Home Care is in the news a lot because of rising waiting lists for home care packages and because of increasing delayed discharges from hospitals. There is a feeling we need to invest more in our home care services, spend more on our providers both public and private and indeed bring in regulation to oversee the provision of services, so that those services can be measured and evaluated.

But let’s step back and ask ourselves, what exactly is home care? For me, it’s a service invented by the State to replace what communities used to do for themselves, look after each other. It’s a service that compensates for the breakdown of our communities.

Over the last 70 years or so, our communities have gradually broken down and this breakdown has probably accelerated in the last 30 years.

I think the main reason for the breakdown has been a rise in individualistic thinking and needs, at the expense of a more communal approach and focus on community needs. A movement from the primacy of the collective to the individualistic.

As our communities have broken down, this has necessitated that Government step in more and more to provide services and look after the weaker and less fortunate in our society.

The question then is, should we be looking for more Government designed systems with top down intervention and provision, that tends to commodify home care, or might it be better that we actually try and support and encourage communities to do things for themselves, rekindling that community spirit?

At Home Care Direct we are about empowering local people in local communities, to contribute to the health of their communities. We believe the less layers there are in the provision of home care, the better. We believe home care can be over complicated at times and this can result in the exclusion of great local people bringing their capabilities and willingness to bear.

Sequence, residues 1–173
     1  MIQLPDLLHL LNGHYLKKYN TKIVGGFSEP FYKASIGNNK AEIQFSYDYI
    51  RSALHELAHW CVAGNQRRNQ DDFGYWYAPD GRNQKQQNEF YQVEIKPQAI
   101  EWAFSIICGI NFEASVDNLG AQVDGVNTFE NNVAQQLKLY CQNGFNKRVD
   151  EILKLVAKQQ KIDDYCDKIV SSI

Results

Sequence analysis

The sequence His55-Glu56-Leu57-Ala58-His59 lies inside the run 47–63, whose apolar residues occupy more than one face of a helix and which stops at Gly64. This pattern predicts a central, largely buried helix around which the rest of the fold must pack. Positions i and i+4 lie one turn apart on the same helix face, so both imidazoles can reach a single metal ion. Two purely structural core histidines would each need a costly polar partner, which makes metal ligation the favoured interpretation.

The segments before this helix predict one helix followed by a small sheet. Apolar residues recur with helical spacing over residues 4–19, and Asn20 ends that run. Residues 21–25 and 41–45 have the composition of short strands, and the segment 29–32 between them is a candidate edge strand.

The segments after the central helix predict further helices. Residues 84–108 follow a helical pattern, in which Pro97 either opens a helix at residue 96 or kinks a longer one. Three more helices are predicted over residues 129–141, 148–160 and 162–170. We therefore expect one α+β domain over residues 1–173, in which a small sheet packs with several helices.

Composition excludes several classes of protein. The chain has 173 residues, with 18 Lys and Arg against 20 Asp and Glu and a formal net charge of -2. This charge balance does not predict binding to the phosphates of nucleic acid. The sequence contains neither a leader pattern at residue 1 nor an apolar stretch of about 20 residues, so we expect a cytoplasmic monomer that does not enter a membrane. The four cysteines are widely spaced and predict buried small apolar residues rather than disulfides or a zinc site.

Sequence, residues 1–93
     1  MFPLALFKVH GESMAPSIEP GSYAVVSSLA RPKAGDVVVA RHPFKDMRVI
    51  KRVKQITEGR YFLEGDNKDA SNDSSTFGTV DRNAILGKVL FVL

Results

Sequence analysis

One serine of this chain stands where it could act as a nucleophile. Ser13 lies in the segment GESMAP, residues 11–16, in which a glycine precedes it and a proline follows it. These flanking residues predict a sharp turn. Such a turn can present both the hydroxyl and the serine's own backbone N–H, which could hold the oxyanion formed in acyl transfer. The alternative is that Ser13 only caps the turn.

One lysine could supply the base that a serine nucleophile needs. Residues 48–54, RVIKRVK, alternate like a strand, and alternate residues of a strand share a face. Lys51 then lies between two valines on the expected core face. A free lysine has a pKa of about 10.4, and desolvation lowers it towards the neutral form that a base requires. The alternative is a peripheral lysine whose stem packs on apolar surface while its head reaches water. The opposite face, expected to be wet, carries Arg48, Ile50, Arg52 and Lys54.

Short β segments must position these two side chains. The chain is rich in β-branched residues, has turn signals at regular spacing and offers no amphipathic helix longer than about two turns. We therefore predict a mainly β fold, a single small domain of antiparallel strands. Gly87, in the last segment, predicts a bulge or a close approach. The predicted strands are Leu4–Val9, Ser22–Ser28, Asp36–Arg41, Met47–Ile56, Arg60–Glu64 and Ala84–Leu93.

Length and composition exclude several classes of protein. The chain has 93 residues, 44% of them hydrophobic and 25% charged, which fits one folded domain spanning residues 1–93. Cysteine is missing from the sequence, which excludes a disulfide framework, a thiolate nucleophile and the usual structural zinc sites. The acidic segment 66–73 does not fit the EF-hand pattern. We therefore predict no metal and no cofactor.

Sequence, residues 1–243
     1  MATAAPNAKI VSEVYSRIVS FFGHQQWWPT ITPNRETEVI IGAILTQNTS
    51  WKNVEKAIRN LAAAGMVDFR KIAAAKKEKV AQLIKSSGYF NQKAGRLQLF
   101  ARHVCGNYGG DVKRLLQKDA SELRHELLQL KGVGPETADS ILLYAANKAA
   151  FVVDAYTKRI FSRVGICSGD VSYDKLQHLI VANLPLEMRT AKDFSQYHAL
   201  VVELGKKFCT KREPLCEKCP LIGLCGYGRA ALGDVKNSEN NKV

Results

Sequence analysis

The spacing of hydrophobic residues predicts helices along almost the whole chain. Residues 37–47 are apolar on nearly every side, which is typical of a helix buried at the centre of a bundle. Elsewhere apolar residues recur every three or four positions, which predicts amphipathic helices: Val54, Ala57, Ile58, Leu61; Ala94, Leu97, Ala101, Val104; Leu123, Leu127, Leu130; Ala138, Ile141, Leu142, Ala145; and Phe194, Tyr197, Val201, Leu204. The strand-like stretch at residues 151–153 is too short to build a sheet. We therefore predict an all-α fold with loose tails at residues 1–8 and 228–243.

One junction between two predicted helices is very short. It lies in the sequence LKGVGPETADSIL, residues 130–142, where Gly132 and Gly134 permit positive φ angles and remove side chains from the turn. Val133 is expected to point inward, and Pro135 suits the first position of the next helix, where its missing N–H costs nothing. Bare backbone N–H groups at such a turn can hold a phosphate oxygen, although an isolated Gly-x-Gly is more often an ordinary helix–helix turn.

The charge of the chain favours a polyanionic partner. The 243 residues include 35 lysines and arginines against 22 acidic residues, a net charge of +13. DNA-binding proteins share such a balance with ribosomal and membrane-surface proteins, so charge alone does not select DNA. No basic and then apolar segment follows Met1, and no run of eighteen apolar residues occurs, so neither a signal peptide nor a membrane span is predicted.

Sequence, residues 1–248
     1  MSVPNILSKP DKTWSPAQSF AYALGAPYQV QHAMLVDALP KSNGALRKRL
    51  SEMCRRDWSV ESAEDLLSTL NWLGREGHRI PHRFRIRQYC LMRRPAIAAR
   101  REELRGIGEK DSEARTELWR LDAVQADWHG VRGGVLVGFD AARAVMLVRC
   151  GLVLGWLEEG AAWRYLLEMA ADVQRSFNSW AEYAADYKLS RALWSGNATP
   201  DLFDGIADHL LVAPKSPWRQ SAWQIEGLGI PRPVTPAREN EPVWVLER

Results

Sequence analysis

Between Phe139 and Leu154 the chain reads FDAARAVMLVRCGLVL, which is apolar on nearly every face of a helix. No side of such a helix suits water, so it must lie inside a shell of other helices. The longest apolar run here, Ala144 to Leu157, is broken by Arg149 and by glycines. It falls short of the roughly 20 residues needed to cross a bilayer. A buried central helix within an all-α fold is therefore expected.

If that community self-help ethos within social care is to be rekindled, one important lever in doing so, is how we commission home care services and how they are regulated. If commissioners stick to imposed outside solutions, through form filling tenders, that can be measured and controlled, then communities will always find it difficult to help themselves and just come to expect solutions to come from the outside.

If commissioners worry less about overly managing risk and focusing on what might go wrong, rather than what might go right, then that could be a first step towards encouraging local solutions. A first step towards recognising not one solution fits all.

Any regulation brought in, also needs to ensure it doesn't suffocate or dampen, local desires to self help and contribute.

We believe great home care is delivered by motivated and willing local people being supported to organise themselves, rather than by rigid, centralised, imposed services, often devoid of the human touch.